“I’m working with a lot of people who have never collected before,” she said. “So they’re writing a check for something, that’s legitimate art, with the provenance and a resume. They’re really excited to do it. And that’s exciting for me, but it’s also intense, because these are not people who have art collections. It’s just a big step, I think, for a lot of people. Trying to be present for that… I don’t spend $10,000 easily,” she said with a laugh.

“What we’re doing is helping artists survive.”

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A painting in “Already gone.” COURTESY GOLD/SCOPOPHILIA

Gold/scopophilia* gallery tries to demystify the process, and make it easy for buyers. Wroblewski wants to present work that will excite the community.

“Part of my business model is helping collectors collect,” she said.

The paintings on the wall do not represent the sum of the art Wroblewski has to offer clients: she has work in storage, and work that is digitally accessible as well.

It’s challenging being a mom and running a business. “So far everyone I’ve sold to has been a woman in Montclair,” she continued. “Leveraging the financial power of women in this community is really interesting.”

Many of the artists at Gold/scopophilia* are mothers or grandmothers.

“We’re moms, and we’re women, and that’s totally cool,” she said.

Selling to women wasn’t planned, she added with a laugh. She’s fascinated by it. Fitting the gallery into her life, rather than the other way around, is something moms in town can relate to, she said. Her two children attend Hillside.

METROPOLITAN

Gold/scopophilia* has a booth on the piers at the Armory Show, part of Art Fair week in New York City in March.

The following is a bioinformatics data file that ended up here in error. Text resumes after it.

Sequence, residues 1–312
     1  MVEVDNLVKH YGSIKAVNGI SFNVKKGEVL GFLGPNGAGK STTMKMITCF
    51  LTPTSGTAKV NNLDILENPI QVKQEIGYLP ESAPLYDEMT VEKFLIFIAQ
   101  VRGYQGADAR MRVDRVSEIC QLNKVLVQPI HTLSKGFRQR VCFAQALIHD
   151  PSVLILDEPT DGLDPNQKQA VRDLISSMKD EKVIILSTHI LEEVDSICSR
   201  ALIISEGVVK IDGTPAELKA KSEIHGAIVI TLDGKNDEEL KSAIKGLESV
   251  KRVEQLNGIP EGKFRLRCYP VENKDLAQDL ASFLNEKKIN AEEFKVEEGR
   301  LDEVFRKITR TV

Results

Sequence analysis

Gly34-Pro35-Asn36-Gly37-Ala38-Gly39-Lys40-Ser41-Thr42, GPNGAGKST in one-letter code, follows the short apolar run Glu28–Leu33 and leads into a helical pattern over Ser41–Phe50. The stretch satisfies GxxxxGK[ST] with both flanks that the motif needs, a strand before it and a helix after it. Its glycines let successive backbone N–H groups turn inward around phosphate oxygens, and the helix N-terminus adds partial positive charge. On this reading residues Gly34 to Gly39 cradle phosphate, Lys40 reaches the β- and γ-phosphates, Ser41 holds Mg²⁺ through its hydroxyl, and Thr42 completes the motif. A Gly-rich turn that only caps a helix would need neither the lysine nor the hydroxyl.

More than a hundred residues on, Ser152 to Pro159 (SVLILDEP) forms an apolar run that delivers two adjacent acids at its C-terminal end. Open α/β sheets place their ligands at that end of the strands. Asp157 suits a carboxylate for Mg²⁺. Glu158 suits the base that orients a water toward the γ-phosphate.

She’s trying to bring the artists forward, too, and maintain a presence in New York City, while running her gallery in Montclair. Some of the artists have shows in New York City, and Wroblewski will collaborate with the gallery owners.

“My little Montclair dream kind of wafted up into more of a mainstream of New York art, which has been really fun,” she said.

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Patricia Satterlee at Gold/scopophilia*.

Satterlee’s show came about after Wroblewski visited her studio in Brooklyn. “I thought she was so beyond my little room in Montclair. Her work is so spectacular,” Wroblewski said.

They chose this body of work, “Already Gone,” because it had been shown once before, and it took the pressure off.  

“It is so difficult to get large work all together so you can see it,” Satterlee said. “Most spaces are narrow. You don’t get a nice big square like this. It’s really excellent.”

The paintings are all linen on panel.

The title, “Already Gone,” refers to the way the paintings are “Interior spaces,” the artist said. When she begins making art, she always considers whether the work is interior, thoughts, dreams, memories or something outside. “How do you hold onto that, and still show movement, show movement that’s still?”

Being able to show the work, rather than have viewers see it on a computer screen, makes a big difference, Satterlee said. Her work for this show is large: five feet by five feet or bigger. Its scale cannot really be experienced by reading the measurements, she said.

Wroblewski said, “My overhead is low here. That’s the opportunity.

“We have all these interesting people in Montclair. I feel like I can do some pretty interesting things here. I can’t imagine paying four times more to be on the fifth floor in Chelsea.”